Published online Jun 14, 2020. doi: 10.3748/wjg.v26.i22.2948
Peer-review started: December 30, 2019
First decision: January 19, 2020
Revised: May 13, 2020
Accepted: May 26, 2020
Article in press: May 26, 2020
Published online: June 14, 2020
The pancreas became one of the first objects of regenerative medicine, since other possibilities of dealing with the pancreatic endocrine insufficiency were clearly exhausted. The number of people living with diabetes mellitus is currently approaching half a billion, hence the crucial relevance of new methods to stimulate regeneration of the insulin-secreting β-cells of the islets of Langerhans. Natural restrictions on the islet regeneration are very tight; nevertheless, the islets are capable of physiological regeneration via β-cell self-replication, direct differentiation of multipotent progenitor cells and spontaneous α- to β- or δ- to β-cell conversion (trans-differentiation). The existing preclinical models of β-cell dysfunction or ablation (induced surgically, chemically or genetically) have significantly expanded our understanding of reparative regeneration of the islets and possible ways of its stimulation. The ultimate goal, sufficient level of functional activity of β-cells or their substitutes can be achieved by two prospective broad strategies: β-cell replacement and β-cell regeneration. The “regeneration” strategy aims to maintain a preserved population of β-cells through in situ exposure to biologically active substances that improve β-cell survival, replication and insulin secretion, or to evoke the intrinsic adaptive mechanisms triggering the spontaneous non-β- to β-cell conversion. The “replacement” strategy implies transplantation of β-cells (as non-disintegrated pancreatic material or isolated donor islets) or β-like cells obtained ex vivo from progenitors or mature somatic cells (for example, hepatocytes or α-cells) under the action of small-molecule inducers or by genetic modification. We believe that the huge volume of experimental and clinical studies will finally allow a safe and effective solution to a seemingly simple goal-restoration of the functionally active β-cells, the innermost hope of millions of people globally.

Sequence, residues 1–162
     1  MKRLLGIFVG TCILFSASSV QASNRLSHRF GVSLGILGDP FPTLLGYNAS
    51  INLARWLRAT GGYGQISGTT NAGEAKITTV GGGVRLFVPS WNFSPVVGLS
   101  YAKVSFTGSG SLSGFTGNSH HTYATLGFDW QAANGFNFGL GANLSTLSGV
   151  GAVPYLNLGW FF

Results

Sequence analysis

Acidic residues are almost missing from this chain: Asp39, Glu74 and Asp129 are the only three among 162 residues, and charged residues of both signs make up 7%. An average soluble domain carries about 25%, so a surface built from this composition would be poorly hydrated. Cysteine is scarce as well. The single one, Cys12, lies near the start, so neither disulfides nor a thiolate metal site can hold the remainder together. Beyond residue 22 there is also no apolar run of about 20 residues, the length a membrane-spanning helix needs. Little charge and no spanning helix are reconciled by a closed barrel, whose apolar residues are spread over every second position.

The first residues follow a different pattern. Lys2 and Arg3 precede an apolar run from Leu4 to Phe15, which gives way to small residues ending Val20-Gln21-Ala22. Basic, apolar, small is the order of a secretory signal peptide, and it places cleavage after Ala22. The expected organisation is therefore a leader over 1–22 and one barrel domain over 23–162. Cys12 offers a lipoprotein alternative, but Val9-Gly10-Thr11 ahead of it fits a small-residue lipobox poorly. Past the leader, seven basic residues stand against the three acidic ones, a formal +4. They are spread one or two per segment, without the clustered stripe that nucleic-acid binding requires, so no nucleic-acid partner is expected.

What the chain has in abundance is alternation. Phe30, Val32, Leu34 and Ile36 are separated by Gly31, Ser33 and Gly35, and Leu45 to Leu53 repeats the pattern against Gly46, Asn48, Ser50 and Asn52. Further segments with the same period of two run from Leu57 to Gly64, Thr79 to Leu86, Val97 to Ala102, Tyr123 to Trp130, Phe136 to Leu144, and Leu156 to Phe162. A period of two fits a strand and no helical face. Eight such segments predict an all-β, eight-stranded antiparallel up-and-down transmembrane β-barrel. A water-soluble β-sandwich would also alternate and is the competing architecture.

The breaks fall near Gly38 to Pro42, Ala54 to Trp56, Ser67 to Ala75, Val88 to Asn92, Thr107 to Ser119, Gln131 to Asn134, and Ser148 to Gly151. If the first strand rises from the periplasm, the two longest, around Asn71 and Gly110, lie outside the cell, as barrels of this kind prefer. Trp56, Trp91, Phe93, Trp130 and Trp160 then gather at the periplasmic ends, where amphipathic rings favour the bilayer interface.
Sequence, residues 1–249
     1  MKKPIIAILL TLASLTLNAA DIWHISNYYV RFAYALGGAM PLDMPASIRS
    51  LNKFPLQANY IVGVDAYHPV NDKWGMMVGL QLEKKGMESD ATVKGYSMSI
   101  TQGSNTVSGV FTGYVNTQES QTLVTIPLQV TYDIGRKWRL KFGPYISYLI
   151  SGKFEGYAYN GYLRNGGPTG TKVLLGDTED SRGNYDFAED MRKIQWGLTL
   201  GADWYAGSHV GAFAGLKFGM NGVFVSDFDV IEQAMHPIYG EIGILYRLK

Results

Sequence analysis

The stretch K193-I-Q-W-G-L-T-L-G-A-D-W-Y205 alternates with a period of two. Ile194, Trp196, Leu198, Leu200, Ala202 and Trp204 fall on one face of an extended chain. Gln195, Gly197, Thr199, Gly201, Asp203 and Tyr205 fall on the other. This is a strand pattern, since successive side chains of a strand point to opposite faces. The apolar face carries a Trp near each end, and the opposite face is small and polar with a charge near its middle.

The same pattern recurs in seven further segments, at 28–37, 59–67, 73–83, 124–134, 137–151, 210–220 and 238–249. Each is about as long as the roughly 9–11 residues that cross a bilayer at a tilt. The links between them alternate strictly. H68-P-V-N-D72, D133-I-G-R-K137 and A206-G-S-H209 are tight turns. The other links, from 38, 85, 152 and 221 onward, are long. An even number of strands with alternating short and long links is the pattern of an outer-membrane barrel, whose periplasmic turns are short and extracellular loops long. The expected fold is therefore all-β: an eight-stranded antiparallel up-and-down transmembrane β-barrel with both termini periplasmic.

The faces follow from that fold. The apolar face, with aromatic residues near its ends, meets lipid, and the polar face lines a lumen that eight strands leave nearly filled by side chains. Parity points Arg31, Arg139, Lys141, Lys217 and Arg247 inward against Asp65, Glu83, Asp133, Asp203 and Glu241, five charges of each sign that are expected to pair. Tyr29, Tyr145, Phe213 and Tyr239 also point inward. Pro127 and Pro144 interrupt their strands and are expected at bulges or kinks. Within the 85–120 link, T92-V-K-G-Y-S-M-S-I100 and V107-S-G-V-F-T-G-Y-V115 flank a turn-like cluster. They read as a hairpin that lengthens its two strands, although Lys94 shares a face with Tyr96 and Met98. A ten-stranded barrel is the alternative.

Core tip: The review discusses the most promising strategies for regenerative medicine to stimulate the regeneration or replacement of the islet of the pancreas. The “regeneration” strategy aims to maintain a preserved population of β-cells through replication, or evoke the intrinsic adaptive mechanisms. The “replacement” strategy implies transplantation of β-cells or β-like cells obtained ex vivo from progenitors or mature somatic cells (hepatocytes or α-cells). We believe that the huge volume of experimental and clinical studies currently under way will finally allow a safe and effective solution to simple goal-restoration of the active β-cells.